One thing I did on my veil includes a heat vent on top. I cut a square out of the top, attached some tactical mesh, then secured it with glue and some sewing. The same thing can be done to your back, underarms, crotch, or anywhere you want. I decided against putting vents anywhere on my body, as it will compromise the integrity of the suit. You shouldn’t be crawling on your back or top of your head much, so those two spots aren’t a bad idea.
Step Nine: Fill in Empty Spaces and Correct any Issues
At this time, you should be preparing your suit for use in the field. Pull on the netting to find any loose spots, add any more glue where it may be needed, add jute or 550 in places where it may be needed. The first time you break in your ghillie suit should identify weak points or problems in the suit so that you can repair it, and prevent any problems in the future.
Pictured below are two suits, one being lighter with less 550 and more jute, and the other suit having no jute and heavy 550. I personally don’t care much for jute, as it should be covered in vegetation anyway, but it is a good base camouflage. I personally love heavy 550 on the ghillie veil, because I tie in so much vegetation. It gives almost endless possibilities of tie-in points for all types of vegetation. In many cases, Marine Scout Snipers will only use their ghillie veil while quickly stalking up to a tree line to conduct observations. Therefore, I really spend time making the veil perfect.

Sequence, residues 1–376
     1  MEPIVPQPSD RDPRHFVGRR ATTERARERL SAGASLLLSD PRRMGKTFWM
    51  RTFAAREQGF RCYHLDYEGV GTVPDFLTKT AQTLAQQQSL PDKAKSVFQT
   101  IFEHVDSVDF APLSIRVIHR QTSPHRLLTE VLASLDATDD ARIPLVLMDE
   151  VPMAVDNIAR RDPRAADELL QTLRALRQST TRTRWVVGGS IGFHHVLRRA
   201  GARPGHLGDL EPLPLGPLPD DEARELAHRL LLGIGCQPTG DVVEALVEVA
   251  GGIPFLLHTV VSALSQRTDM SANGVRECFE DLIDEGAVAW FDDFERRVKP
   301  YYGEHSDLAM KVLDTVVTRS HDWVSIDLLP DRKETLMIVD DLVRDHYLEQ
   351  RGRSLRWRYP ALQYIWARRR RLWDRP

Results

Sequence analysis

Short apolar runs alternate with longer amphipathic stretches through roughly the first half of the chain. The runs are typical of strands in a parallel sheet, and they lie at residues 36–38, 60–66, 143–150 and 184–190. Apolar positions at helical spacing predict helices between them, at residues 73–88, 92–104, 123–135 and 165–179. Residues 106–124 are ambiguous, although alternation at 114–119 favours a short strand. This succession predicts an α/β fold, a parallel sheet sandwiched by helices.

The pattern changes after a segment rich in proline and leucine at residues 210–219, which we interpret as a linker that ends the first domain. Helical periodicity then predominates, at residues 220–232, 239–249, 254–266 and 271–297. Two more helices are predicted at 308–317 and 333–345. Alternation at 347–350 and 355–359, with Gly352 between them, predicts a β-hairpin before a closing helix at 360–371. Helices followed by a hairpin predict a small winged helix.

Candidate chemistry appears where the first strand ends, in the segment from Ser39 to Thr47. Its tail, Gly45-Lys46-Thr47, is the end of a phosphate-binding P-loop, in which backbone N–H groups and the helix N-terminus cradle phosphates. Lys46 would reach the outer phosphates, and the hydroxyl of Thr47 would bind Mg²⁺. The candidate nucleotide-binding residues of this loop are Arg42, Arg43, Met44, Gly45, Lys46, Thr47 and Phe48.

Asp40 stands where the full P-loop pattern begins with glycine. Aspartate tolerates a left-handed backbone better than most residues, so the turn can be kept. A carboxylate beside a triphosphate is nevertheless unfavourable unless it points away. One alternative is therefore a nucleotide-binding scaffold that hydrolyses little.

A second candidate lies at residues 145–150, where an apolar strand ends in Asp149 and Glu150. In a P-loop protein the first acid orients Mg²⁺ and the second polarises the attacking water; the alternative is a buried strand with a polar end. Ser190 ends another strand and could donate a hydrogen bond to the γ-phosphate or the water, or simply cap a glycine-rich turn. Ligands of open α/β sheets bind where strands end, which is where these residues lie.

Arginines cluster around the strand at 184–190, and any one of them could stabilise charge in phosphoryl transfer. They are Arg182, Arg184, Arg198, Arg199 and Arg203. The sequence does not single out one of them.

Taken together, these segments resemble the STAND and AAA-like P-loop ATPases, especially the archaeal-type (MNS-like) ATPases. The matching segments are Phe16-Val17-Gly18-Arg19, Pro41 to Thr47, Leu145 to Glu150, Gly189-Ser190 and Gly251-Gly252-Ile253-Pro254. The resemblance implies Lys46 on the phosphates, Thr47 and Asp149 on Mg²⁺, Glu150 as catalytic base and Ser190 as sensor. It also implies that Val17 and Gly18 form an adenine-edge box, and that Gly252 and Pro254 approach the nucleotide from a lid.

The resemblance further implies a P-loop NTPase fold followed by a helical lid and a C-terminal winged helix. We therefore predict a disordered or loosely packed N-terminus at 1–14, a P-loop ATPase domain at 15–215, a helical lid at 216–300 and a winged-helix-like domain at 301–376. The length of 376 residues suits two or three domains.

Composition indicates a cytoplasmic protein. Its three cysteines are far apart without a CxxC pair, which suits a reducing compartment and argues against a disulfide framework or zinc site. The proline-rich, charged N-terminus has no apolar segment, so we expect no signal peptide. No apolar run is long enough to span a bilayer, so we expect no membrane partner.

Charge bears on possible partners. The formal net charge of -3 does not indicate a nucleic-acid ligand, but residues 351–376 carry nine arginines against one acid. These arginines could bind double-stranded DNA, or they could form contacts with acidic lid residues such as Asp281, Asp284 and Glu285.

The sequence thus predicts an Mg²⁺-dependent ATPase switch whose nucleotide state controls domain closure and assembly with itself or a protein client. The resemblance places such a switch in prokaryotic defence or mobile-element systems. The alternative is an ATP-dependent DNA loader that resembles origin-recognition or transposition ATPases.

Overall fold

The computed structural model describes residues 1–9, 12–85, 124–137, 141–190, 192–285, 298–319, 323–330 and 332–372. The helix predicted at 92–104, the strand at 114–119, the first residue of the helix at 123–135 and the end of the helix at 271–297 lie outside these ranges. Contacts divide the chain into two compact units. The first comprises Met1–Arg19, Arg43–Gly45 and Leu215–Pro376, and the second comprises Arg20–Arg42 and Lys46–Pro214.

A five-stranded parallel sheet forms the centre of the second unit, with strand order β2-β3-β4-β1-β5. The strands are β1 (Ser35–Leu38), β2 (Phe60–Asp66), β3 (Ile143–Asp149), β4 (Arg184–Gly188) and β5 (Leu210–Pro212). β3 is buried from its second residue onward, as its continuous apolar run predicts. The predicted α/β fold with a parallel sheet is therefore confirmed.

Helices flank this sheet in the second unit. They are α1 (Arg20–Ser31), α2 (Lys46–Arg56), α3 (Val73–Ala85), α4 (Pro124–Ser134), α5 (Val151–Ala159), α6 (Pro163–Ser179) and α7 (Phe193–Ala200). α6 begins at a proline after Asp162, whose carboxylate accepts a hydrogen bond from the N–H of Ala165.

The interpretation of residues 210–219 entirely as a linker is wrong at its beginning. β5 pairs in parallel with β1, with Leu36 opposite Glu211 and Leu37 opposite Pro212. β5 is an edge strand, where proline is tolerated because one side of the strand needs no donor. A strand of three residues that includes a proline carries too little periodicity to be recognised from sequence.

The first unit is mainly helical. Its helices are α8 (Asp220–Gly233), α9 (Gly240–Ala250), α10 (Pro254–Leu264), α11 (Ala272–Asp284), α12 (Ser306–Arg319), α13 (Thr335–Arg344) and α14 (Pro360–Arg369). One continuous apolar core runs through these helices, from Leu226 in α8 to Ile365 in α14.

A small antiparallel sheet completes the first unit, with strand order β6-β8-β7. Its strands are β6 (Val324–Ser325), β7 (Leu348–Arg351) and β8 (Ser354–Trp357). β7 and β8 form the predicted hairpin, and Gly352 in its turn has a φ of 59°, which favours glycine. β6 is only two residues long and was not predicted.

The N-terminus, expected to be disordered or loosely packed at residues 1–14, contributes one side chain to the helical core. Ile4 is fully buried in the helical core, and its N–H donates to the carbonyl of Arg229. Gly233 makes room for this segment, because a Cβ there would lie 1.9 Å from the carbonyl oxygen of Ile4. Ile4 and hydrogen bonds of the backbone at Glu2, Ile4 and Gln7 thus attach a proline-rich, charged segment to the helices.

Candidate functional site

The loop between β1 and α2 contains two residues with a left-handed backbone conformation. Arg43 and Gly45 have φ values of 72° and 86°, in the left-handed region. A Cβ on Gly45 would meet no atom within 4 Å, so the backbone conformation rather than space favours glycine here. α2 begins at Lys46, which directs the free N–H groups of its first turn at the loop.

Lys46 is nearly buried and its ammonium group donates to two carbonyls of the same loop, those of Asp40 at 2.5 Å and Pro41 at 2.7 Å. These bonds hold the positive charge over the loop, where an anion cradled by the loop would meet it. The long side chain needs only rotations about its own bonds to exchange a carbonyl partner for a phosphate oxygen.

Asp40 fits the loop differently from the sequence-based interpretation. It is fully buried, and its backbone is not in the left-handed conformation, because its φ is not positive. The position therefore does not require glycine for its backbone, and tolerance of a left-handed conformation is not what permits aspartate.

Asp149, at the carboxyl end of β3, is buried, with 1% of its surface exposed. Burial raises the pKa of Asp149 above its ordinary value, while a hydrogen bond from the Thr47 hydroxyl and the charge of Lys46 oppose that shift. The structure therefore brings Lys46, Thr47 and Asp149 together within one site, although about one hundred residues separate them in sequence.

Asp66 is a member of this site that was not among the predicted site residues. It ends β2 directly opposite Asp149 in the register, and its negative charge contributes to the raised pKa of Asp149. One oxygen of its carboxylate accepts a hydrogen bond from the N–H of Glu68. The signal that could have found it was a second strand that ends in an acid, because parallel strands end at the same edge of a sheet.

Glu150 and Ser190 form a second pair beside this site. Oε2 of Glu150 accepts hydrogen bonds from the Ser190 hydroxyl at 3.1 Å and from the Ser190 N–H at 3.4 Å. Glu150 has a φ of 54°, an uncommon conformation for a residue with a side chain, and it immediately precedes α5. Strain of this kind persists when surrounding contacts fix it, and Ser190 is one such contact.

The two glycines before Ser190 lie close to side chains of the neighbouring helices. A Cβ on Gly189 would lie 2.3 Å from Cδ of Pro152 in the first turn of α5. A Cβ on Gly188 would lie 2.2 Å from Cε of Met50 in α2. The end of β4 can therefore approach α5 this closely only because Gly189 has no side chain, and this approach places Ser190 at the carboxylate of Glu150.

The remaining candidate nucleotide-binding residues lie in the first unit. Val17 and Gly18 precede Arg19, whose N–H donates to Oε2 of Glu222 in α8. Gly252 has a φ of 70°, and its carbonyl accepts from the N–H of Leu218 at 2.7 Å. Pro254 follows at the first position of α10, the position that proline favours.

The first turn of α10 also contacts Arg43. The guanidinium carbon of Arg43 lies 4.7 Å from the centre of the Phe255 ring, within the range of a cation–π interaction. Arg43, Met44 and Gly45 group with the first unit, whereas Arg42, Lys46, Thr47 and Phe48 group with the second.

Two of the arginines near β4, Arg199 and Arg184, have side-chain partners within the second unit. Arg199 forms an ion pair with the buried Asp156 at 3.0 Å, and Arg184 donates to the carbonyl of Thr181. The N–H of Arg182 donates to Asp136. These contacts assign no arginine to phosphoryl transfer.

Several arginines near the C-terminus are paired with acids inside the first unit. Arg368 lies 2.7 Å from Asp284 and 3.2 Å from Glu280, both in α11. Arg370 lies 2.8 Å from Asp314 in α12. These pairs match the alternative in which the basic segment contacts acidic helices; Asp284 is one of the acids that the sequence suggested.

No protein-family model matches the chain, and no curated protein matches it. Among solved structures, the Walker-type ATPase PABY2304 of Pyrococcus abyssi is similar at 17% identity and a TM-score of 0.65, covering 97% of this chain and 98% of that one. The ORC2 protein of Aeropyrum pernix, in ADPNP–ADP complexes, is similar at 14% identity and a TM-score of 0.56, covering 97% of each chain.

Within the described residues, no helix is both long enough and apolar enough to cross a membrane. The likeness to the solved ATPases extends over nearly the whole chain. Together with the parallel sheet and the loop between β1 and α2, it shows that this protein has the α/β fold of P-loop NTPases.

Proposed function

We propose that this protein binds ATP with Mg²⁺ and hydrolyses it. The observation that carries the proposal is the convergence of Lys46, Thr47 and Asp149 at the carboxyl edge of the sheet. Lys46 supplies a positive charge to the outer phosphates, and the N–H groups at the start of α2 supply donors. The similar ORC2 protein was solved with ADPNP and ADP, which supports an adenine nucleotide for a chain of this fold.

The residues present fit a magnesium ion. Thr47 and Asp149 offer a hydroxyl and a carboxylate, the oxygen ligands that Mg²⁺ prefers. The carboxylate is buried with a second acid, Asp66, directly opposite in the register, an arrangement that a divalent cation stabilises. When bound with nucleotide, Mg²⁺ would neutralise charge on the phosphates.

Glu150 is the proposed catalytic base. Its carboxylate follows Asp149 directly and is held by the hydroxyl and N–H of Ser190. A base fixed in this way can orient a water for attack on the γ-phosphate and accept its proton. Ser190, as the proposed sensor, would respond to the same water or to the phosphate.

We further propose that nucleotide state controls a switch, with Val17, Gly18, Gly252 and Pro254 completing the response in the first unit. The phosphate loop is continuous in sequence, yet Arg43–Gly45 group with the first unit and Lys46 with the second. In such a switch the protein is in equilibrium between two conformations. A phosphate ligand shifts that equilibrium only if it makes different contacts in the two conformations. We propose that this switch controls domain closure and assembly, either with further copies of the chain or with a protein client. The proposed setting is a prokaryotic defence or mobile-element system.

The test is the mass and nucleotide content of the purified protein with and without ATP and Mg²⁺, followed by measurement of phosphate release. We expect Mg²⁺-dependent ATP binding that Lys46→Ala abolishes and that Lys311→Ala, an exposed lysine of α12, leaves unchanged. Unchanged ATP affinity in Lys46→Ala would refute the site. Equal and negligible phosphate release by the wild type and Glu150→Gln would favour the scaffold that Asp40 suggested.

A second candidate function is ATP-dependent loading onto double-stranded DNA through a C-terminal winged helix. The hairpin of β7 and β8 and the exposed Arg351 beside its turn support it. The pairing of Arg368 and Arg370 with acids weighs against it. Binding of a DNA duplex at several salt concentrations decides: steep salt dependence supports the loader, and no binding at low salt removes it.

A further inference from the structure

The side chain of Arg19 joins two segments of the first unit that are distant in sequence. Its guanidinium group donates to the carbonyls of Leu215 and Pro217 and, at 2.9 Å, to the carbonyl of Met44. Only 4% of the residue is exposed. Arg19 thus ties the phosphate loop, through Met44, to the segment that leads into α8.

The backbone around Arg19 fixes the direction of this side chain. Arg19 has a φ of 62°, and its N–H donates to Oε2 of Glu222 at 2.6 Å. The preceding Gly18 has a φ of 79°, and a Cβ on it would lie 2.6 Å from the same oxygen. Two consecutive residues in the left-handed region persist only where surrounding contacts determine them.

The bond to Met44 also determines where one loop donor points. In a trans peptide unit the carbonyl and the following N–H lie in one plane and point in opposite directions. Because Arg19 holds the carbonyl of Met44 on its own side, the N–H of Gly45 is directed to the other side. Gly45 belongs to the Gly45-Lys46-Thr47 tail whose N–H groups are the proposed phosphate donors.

Again, this ghillie suit is just a simple base idea. Tailor this suit to you and your environment. Add more jute, add more 550, some people take burlap sandbags and shred them up, using scraps to add texture to their suit. If you’re only going to be in a hayfield or fields of goldenrod, include much more tan than green.
If you’re going to be in the woods most of the time, include a little more green. If you’re in an area where there isn’t much vegetation, include more jute and things to break up your outline more. This is basically one big manly arts and crafts project. If it works, do it. Just remember, you can always darken your suit in the field, but if you bring a suit with a dark base color, it can be difficult to lighten it.
Utilizing Your Ghillie Suit – 9 Elements of Visual Perception
Now that we understand how to make a basic ghillie suit, I’ll get into the art and science of camouflage. Scientifically, there are 9 elements of visual perception. What this means is, there are 9 different ways your eye can recognize objects. A scout sniper must master all 9 elements to truly appear invisible. Failure of implementation even with just one of the 9 elements and the sniper will stand out to a trained observer. Fail at implementing several of the 9 elements and the sniper will stand out to a senior citizen with 3” thick lenses. The 9 elements of visual perception are as follows, and I will go over each element individually, to truly understand what is required to become invisible:
- Light (reflection, sunlight, shadow)
- Positive/Negative space
Everything, living or inanimate has a line or edge to it. These lines often lead to the outline of the object. The human eye picks up lines, edges, and outlines very easily. An untrained individual may see a line or edge while a trained individual will see the entire outline. Think about when someone sees a deer in the woods. Their color often matches perfectly, but sometimes you can see the horizontal line of a deer’s back. It is extremely rare to see any straight lines in nature or any perfectly symmetric shapes, so it’s crucial to avoid those at all costs.